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Margaret Wright v. Mary Ellen Bullock

September 29, 2011

MARGARET WRIGHT, PLAINTIFF
v.
MARY ELLEN BULLOCK, ET AL, DEFENDANTS



The opinion of the court was delivered by: John A. Gorman United States Magistrate Judge

E-FILED

Thursday, 29 September, 2011 03:46:12 PM Clerk, U.S. District Court, ILCD

ORDER

Now before the Court are two motions to compel (#110 and 113) filed by Plaintiff. The motions are fully briefed, and I have heard argument from the parties. As stated herein, the motion as to CASA is DENIED, and ruling on the motion as to DCFS is DEFERRED.

MOTION TO COMPEL AGAINST CASA

The first motion (#110) is directed to non-party Court Appointed Special Advocates of Peoria County ("CASA"), seeking enforcement of a subpoena sent to CASA Executive Director Pam Perrilles. The subpoena sought production of certain documents, including copies of reports and documents submitted to the Circuit Court of Peoria County in a particular juvenile court proceeding. The subpoena included a copy of the Protective Order that governs production of documents in this case and a cover letter indicating that the records would be handled in accordance with that Protective Order.

Perrilles responded with a letter in which she stated that the documents sought were confidential and protected by the Illinois Juvenile Courts Act, which generally prohibits access to, inspection of, and copying of juvenile court records.

Plaintiff then filed this motion, asserting that the Juvenile Court Act applies only to the documents that are contained in the court file and not to copies of those documents in the possession of third parties.

The Juvenile Court Act of 1987, 705 ILCS 405/1-8, restricts inspection and copying of "juvenile court records relating to a minor who is the subject of a proceeding under this Act" to specified individuals and agencies, none of which is the attorney in a civil matter not before the juvenile court. The Act specifically provides that juvenile court records are not available to the general public absent a court order by the court presiding over the juvenile matter.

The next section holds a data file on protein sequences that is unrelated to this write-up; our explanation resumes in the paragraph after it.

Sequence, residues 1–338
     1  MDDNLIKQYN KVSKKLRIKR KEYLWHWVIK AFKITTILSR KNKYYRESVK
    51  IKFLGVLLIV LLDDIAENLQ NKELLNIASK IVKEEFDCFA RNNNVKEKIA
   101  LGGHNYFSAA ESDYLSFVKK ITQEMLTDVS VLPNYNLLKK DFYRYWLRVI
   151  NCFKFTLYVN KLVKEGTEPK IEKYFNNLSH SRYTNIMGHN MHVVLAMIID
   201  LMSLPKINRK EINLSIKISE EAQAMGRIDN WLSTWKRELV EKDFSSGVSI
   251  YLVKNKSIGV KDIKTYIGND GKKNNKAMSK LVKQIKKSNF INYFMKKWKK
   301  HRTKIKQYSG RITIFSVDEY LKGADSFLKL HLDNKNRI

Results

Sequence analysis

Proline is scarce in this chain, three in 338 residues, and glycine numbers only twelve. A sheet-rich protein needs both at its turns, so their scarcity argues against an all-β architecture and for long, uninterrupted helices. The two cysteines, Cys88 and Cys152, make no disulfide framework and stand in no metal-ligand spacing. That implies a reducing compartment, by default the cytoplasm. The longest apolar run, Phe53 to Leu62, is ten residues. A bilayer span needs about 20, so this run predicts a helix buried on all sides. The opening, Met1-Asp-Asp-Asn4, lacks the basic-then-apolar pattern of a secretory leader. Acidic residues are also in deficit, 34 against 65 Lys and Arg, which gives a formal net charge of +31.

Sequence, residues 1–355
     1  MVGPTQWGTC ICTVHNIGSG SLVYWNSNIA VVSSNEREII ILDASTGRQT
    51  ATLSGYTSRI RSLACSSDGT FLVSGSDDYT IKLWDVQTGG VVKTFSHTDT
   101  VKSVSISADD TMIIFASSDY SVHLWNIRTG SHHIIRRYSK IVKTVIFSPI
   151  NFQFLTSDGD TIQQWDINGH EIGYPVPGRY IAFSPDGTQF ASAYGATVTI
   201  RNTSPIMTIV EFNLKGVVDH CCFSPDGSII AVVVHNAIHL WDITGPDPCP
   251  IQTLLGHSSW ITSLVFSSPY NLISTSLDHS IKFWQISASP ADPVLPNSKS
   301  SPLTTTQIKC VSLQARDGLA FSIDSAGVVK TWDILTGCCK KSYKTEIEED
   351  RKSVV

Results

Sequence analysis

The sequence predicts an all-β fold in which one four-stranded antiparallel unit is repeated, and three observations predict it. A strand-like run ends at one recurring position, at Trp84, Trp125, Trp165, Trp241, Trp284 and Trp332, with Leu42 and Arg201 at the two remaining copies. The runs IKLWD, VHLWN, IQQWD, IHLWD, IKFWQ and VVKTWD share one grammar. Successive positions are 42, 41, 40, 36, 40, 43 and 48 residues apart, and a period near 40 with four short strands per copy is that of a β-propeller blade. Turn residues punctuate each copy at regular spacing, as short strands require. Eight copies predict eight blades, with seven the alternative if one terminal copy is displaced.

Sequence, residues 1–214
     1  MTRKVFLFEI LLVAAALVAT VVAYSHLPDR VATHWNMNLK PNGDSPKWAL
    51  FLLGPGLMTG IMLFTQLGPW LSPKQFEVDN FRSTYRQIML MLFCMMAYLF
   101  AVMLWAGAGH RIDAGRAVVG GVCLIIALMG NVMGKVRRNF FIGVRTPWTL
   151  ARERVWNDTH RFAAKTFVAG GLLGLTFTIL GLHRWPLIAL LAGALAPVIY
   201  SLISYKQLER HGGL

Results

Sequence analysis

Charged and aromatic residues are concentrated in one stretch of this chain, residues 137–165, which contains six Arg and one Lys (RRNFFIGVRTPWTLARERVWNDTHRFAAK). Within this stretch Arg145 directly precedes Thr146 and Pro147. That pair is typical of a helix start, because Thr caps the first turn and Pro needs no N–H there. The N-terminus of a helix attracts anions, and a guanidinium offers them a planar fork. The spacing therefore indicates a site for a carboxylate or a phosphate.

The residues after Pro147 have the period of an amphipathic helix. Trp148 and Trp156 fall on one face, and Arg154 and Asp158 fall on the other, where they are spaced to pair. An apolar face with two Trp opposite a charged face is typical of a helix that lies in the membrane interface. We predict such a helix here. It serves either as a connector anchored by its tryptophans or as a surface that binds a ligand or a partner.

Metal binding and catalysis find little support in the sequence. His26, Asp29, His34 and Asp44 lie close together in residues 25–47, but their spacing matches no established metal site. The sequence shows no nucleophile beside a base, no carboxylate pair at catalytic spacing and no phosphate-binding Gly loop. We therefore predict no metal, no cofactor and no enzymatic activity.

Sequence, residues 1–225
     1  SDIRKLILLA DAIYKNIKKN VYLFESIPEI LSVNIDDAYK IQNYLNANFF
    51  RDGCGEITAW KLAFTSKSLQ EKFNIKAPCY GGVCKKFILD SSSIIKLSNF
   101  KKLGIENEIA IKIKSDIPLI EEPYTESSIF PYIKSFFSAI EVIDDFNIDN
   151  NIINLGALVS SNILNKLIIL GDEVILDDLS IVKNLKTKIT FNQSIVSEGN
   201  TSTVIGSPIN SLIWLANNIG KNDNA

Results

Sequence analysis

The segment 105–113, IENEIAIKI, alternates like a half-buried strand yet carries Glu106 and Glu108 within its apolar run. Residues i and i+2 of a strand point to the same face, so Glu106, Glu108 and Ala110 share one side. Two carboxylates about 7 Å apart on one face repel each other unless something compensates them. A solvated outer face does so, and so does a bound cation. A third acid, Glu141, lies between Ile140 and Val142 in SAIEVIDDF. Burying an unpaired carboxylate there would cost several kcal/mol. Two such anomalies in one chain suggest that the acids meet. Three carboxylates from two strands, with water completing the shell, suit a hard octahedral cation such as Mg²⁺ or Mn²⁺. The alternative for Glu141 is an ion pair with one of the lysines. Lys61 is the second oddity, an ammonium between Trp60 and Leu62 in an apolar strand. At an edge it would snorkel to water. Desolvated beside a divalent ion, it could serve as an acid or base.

According to Plaintiff, however, copies of documents in the court file do not become privileged under the Act simply because they were filed in the court's file. These records, asserts Plaintiff, "have an independent life from the copy presented to Juvenile Court and made part of its court records."

No one disputes CASA's description of its mission or function. It is a non-profit volunteer organization that advocates for the best interests of abused and neglected children in the court system. A CASA volunteer is appointed by the judge in the juvenile court proceedings, and the volunteer serves as an officer of the Court. He or she gathers information for the court and makes recommendations about what the child needs to be safe. This information and recommendation are set forth in reports that the volunteer files with the court.

The documents sought are not just any random documents, nor are they documents prepared by some third party with no connection at all to the court. They are prepared by officers of the court for the knowledge of the court and the use of the court in the juvenile proceeding before it. They do not have a life outside of the court file, at least not in the way that Plaintiff asserts that they do. I find that these documents are protected by the Juvenile Court Act.

Plaintiff next asserts that this state privilege is not cognizable in federal proceedings. Fed.R.Evid. 501 provides that privileges are "governed by the principles of the common law as they may have been interpreted by the courts of the United States in the light of reason and experience."

In Memorial Hospital for McHenry County v. The Honorable Milton I. Shadur, 664 F.2d 1058 (7th cir. 1981), the Court considered whether to recognize a privilege that arose under the Illinois Medical Studies Act. Noting that federal courts should neither automatically reject nor automatically apply a state privilege, the Court discussed various considerations that should be taken into account in deciding whether to honor the privilege. "A strong policy of comity between state and federal sovereignties impels federal courts to recognize state privileges where this can be accomplished at no substantial cost to federal substantive and procedural policy." Id. at 1061. ...


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